…the archivists believe that the clip dates to 1928. Perhaps it is the World Series, which might explain the full stands and long shadows.


Narration in an additional Times video clip adds in the possibility that the “full stands” owe to it being Opening Day or the 4th of July or, as mentioned, the Series.
So if it’s a big day like that – where’s the bunting?
Check any photo, or any of the film, of baseball in the ’20s, especially at Yankee Stadium. Opening Day, the major holidays, the Series, and they festooned the place to within an inch of its life. Film from any of those days in 1928 would show bunting designed to evoke the American flag on every available railing not in fair territory. There is no bunting.
Also, why the assumption that only Opening Day could produce “the full stands”? That’s one of the easiest things to check. The Yankees’ game-by-game log, with boxes for every game and attendance figures for most, is found in two seconds at the fabulous Retrosheet.Org. From it we learn the Yanks opened at home on April 20th, 1928, against the Philadelphia A’s, and drew just 30,000.
In point of fact, the big days for attendance in the house that the guy striking out in the film clip built were July 1 (65,000 for a doubleheader with the A’s), August 19 (65,000 versus Cleveland), and September 9 (85,265 for another doubleheader with the A’s).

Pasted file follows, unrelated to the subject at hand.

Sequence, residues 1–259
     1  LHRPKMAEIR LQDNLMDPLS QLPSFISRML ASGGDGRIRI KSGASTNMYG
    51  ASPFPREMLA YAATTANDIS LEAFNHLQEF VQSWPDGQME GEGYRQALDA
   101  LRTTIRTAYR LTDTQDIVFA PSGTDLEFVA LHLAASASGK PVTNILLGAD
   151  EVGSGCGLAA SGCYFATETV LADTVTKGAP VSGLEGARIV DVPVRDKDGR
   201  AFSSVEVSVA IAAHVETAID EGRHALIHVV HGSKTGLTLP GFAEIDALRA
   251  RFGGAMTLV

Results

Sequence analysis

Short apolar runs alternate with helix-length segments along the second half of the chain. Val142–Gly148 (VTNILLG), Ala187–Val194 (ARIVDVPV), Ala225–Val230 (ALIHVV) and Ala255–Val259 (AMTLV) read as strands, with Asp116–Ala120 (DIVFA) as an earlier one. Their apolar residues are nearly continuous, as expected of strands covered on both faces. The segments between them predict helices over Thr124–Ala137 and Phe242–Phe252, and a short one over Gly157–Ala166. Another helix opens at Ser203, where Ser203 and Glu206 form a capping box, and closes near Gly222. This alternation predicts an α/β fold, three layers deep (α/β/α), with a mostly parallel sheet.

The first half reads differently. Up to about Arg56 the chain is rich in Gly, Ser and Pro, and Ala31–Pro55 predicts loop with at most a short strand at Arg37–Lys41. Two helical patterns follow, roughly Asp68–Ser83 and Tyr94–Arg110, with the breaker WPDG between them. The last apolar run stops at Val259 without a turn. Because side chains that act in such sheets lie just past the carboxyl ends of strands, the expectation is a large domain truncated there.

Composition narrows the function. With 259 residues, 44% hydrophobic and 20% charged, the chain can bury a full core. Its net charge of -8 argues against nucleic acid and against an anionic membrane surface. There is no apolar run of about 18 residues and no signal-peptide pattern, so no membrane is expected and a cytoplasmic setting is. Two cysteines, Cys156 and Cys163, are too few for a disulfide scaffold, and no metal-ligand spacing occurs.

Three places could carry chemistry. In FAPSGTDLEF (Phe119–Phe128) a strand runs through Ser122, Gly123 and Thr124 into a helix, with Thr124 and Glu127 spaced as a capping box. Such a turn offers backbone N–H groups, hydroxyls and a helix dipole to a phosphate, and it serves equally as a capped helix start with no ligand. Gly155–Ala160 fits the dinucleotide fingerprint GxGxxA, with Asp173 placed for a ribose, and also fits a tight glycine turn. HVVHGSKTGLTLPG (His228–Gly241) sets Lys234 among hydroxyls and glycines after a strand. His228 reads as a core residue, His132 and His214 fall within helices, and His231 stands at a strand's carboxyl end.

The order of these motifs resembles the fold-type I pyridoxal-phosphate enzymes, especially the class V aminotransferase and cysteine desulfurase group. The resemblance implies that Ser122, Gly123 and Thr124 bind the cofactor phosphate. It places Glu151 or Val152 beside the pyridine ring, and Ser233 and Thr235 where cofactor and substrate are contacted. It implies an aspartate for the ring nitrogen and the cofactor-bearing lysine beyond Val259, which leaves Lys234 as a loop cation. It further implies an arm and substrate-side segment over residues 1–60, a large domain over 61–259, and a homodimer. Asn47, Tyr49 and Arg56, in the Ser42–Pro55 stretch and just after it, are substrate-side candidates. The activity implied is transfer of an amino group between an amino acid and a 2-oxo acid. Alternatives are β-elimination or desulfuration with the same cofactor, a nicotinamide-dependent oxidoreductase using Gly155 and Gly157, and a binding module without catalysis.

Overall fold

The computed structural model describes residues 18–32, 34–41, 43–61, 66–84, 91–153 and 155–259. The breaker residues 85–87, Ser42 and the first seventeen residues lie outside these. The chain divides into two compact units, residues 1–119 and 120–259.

The jam-packed nature of those crowd shots sure suggests 85,265.
September 9 might also produce you those “long shadows” while still explaining the large amount of white in the crowd (for the most part, the gentlemen are not wearing jackets). And it also jibes with the only bit of information that the catcher in the image provides, until somebody puts the clip through computer enhancement. Clearly the top of his cap is light-colored. And per Marc Okkonen’s opus Baseball Uniforms Of The 20th Century the only American League teams to wear such caps in 1928 were the Browns, Red Sox, White Sox — and Athletics. Cleveland wore dark caps.
So we’re getting there.
Huge crowd? September 9 versus the Athletics (85,265) works. No bunting, no cold weather, not a holiday, not the World Series? September 9 versus the Athletics works. Catcher’s got a light-colored cap? September 9 versus the Athletics works.